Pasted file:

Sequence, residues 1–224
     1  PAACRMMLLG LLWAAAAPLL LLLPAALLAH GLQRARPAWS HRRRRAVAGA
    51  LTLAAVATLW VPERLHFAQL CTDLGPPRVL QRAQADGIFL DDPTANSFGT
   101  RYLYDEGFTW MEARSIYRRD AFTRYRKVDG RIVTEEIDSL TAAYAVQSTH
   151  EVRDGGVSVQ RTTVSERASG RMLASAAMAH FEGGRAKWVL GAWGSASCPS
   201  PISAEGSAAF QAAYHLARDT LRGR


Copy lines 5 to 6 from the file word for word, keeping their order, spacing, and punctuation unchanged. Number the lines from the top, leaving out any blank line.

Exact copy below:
   151  EVRDGGVSVQ RTTVSERASG RMLASAAMAH FEGGRAKWVL GAWGSASCPS
   201  PISAEGSAAF QAAYHLARDT LRGR